The ELI Fellows Program, June-August of 2010, led an 8-week pilot program on the island nation of Mauritius. Six Yale University students and three project administrators taught in four distinct education areas, environment, health and fitness, information technology, and arts, using experiential learning projects. Our Fellows were able to lead four projects that included over 300 children from two local schools, for children who have been forced out of the traditional public school system.
ELI Africa Fellows Jordan and Caroline led children from Etoile de Mer and Fatima in a broad range of physical education classes, designed to promote kinetic learning. Highlights included a soccer tournament and basketball games. In addition, basketball drills saw astounding participation from female students, who shed hesitation and began to compete with boys for the first time on the court.
The health project, led by Sarah and Vicky, implanted a health curriculum largely based on the Community Health Educator workshops used in New Haven, CT schools. The fellows taught techniques related to goal-setting, healthy communication, and healthy relationships. Lessons were largely geared towards improving social/emotional health among students, who had been let down and dropped by traditional public education institutions.
Led by ELI Fellows Emily and Sarah, the Book Project encouraged students to take ownership of their stories by writing them down in a directed way. The Book Project gave students the opportunity to create something they could be proud of creating. Lessons included extensive computer and English education, personal prompts, writing blog entries, and creating PowerPoint presentations.
Eight Yale University students, having an impressive blend of academic and extracurricular prowess, participated in our fellows program in Mauritius during the summer of 2011. The program allowed students to discover a new and exciting pedagogy which did not restrict itself to the traditional classroom or conventional curriculum. For instance, science was being taught through games on a playground, explaining trigonometry though a basketball game. The activities for year 2011 were carried out at the then newly established center in Mon Gout, Pamplemousses.
The students were coached in creative writing and this helped bring out the unseen creativity in them to every observer’s amazement. During poetry classes, the students learned about Shakespearean sonnets and iambic pentameter and after some time were able to write their own poems. They also wrote personal essays and narratives.
Sports and games
The program also involved sessions on the empowerment of girls but not through formal conferences but sports and games and this proved very popular and great fun. Other fields of study included a vocal music project
Towards the end of the program, a science fair was organized where the students had to prepare science projects and present them to judges. The winners of the competition were determined by their adherence to the scientific method, creativity, display and knowledge. The fair was a real success. Among the students’ incredible work we could find a sun dial, a lemon-powered light circuit, a potato circuit and even the model of a house powered solely on wind and solar energy.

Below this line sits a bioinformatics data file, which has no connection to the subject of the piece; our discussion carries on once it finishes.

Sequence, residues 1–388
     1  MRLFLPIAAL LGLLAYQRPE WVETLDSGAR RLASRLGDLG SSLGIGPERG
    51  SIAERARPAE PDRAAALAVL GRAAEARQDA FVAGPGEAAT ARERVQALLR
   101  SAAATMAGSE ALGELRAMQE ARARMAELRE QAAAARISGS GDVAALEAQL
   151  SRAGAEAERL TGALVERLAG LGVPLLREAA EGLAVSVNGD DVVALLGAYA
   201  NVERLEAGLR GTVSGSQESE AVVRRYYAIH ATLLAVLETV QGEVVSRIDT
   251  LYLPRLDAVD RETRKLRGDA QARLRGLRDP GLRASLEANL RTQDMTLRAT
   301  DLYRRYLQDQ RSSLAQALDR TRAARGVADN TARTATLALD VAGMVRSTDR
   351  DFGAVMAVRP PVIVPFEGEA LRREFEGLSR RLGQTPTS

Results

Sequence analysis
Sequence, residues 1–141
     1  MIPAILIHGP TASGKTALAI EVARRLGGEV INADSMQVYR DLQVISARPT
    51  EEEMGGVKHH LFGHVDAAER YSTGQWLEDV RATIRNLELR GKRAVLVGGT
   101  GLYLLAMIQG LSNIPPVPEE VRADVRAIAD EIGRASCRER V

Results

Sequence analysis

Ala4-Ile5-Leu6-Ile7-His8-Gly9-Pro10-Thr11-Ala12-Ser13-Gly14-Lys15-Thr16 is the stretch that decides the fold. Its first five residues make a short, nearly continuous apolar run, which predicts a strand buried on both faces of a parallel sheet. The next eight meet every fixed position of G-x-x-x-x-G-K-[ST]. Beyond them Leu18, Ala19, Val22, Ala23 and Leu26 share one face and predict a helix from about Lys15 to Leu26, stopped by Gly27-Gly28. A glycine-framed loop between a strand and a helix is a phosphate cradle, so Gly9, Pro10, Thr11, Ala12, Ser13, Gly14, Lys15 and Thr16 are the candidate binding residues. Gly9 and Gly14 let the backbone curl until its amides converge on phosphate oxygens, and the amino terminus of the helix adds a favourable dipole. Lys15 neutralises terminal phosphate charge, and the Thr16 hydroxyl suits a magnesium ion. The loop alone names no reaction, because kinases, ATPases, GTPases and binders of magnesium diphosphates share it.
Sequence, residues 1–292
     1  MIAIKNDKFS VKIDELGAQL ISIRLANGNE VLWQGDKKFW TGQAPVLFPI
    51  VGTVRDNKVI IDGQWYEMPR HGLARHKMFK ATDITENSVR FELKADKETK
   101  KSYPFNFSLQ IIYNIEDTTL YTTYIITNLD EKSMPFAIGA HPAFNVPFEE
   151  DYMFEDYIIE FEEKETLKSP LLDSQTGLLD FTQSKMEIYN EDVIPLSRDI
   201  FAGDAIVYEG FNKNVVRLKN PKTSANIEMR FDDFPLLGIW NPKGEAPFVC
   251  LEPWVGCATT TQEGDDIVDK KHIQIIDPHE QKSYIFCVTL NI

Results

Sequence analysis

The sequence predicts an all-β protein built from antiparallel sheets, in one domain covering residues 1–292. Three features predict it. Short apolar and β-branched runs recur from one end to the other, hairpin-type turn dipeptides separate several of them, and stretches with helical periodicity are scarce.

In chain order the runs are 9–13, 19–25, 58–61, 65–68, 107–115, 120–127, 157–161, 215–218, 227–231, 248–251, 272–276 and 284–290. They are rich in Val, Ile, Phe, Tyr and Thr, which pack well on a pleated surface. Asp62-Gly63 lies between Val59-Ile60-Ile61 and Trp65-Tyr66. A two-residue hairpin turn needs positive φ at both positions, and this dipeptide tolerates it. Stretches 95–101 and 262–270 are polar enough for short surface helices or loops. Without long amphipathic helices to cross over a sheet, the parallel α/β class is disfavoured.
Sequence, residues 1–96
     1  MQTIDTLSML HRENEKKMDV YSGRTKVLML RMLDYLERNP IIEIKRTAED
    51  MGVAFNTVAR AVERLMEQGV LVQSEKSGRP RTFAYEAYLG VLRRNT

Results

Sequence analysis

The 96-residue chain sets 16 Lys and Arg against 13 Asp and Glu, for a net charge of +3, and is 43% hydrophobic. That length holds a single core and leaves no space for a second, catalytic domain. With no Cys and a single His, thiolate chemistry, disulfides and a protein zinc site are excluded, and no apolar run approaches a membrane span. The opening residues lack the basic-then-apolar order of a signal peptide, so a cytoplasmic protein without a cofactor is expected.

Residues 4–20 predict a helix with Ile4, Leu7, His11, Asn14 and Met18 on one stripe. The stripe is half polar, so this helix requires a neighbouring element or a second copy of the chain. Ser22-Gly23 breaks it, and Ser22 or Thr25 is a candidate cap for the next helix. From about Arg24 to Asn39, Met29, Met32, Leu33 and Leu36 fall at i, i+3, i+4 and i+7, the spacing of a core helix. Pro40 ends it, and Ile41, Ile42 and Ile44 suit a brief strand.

The 2012 ELI Fellows program took place during the months of June and July. Various educational projects, led by five Yale undergraduates, were carried out in different centers in the north of the island.
Lincoln led creative writing classes in Vallee Pitot where he taught the kids the art of storytelling which most of them were eager to learn. The students learned about the different elements of creative writing such as plot, setting, theme, symbols, protagonists, and antagonists and also developed their descriptive writing and ability to convey details in short stories.
Health and nutrition
Lauren led classes about health and nutrition in Calebasses where the students learned about the importance of a balanced diet and also about the different types of physical exercises for the different parts of their body. Most of the classes were run outdoors where she also taught them various sports such as baseball which they were not very familiar with. The girls at first were a bit reluctant to get involved in the different activities but eventually participated actively.
Art classes were run at the Arche de Noe center in Pamplemousses by Brittany four times per week. The students were exposed to various drawing and painting techniques which they were very eager to learn. On the last day, an exposition was organised where people from the local community and parents were invited to see the students’ works.
Lindsay led a journalism class at D’Epinay where she taught the students how to write articles and short essays. During the classes, the students were encouraged to write about different subjects such as poverty and also about some of their personal experiences. The output of the program was a presentation of the students’ work in front of the parents.